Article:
Are there alternative procedures to a gastroscopy?

The main alternatives are

1) Barium swallow where x-ray of your chest and upper abdomen are taken as you swallow Barium liquid. This is used to look for any structural abnormality of the food pipe such as a stricture as well as assessing the co-ordination between the oesophageal muscles and nerves.

2) A 24hour pH study and/or oesophageal manometry. This involves having a thin plastic tube passed down your nostrils into the lower oesophagus. It has an electronic sensors attached to measure your pH as well as how well the muscles contract. The tube may stay in your oesophagus for 24 hour.

How long does it take to get results from a gastroscopy?

The results will depend on the reason for your procedure. Some results, such as investigating an ulcer, may be available immediately. Tissue samples (biopsies) may need a few days before Dr Lee receives lab test results. Dr Lee will discuss with you how long it will take to get test results and arrange another appointment to discuss your diagnosis, treatment options and answer any questions you have. For Dr Lee, it is important that you are fully informed and given time to think about and understand your diagnosis and treatment before going ahead. You will be given a hard copy of the gastroscopy report to take home with for your record.

What are the risks of a gastroscopy?

A gastroscopy is a very safe procedure, and the risks of serious complications are small. Though rare, some of the possible complications of a gastroscopy include:

  • Reaction to the sedation, such as feeling sick, an irregular heartbeat, or difficulty breathing. 
  • Bleeding from a damaged blood vessel. Signs of bleeding can include vomiting blood or passing black poo.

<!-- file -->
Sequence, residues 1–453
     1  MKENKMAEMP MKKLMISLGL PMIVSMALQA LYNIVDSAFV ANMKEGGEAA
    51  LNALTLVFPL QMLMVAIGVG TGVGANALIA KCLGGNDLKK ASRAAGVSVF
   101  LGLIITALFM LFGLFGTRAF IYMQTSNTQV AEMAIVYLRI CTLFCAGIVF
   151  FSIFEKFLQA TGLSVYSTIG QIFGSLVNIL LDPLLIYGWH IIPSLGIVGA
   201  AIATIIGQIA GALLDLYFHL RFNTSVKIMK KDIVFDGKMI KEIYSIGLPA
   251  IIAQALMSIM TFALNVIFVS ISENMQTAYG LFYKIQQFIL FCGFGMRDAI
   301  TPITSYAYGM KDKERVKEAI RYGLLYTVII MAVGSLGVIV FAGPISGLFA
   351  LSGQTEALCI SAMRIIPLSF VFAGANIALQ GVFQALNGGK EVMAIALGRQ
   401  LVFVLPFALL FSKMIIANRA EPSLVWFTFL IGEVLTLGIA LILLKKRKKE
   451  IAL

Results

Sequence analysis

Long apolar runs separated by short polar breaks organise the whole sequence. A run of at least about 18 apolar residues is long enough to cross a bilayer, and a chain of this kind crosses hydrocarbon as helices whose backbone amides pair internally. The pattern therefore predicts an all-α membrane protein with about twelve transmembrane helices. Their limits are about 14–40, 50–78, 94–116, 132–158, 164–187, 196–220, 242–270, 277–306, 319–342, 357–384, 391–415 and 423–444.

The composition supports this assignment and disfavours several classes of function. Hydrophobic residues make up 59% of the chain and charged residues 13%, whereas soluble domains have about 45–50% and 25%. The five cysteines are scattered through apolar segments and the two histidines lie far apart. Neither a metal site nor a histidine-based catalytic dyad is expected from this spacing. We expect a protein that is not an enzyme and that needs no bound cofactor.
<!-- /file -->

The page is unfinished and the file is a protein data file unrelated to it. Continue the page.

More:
• Perforation (tearing) of the lining of your oesophagus, stomach or the first section of your small intestine

Can my doctor perform a gastroscopy?

A gastroscopy can be performed only by a credentialed clinician who meets the requirements of an accepted certification and recertification process. Gastroenterologists perform colonoscopies because of their expertise and qualifications in treating diseases and conditions related to the digestive system and intestines. Gastroenterologists, including Dr Lee, are members of the Gastroenterological Society of Australia (GESA), promoting the highest standards in research, education, patient care and clinical practice. You will need a referral from a doctor to see a gastroenterologist.

When should I have a gastroscopy?

Many people approach their doctor when they have ongoing symptoms such as: 

  • Anaemia
  • Black or tarry poo
  • Ongoing heartburn
  • Vomiting and nausea
  • Vomiting blood
  • Difficulty swallowing 
  • Persistent stomach ache 
  • Unexplained weight loss
  • A feeling of unusual fullness  
  • A feeling that food is lodged behind your breast bone

To fully investigate what’s causing these issues, your GP will need to refer you to a gastroenterologist. A gastroscopy is a safe and effective way to see inside your digestive tract to identify and sometimes treat the causes of your symptoms.


Organise your visit today

For new and ongoing patients, make a booking to speak to Dr Lee about understanding, managing, and treating your gut health issues.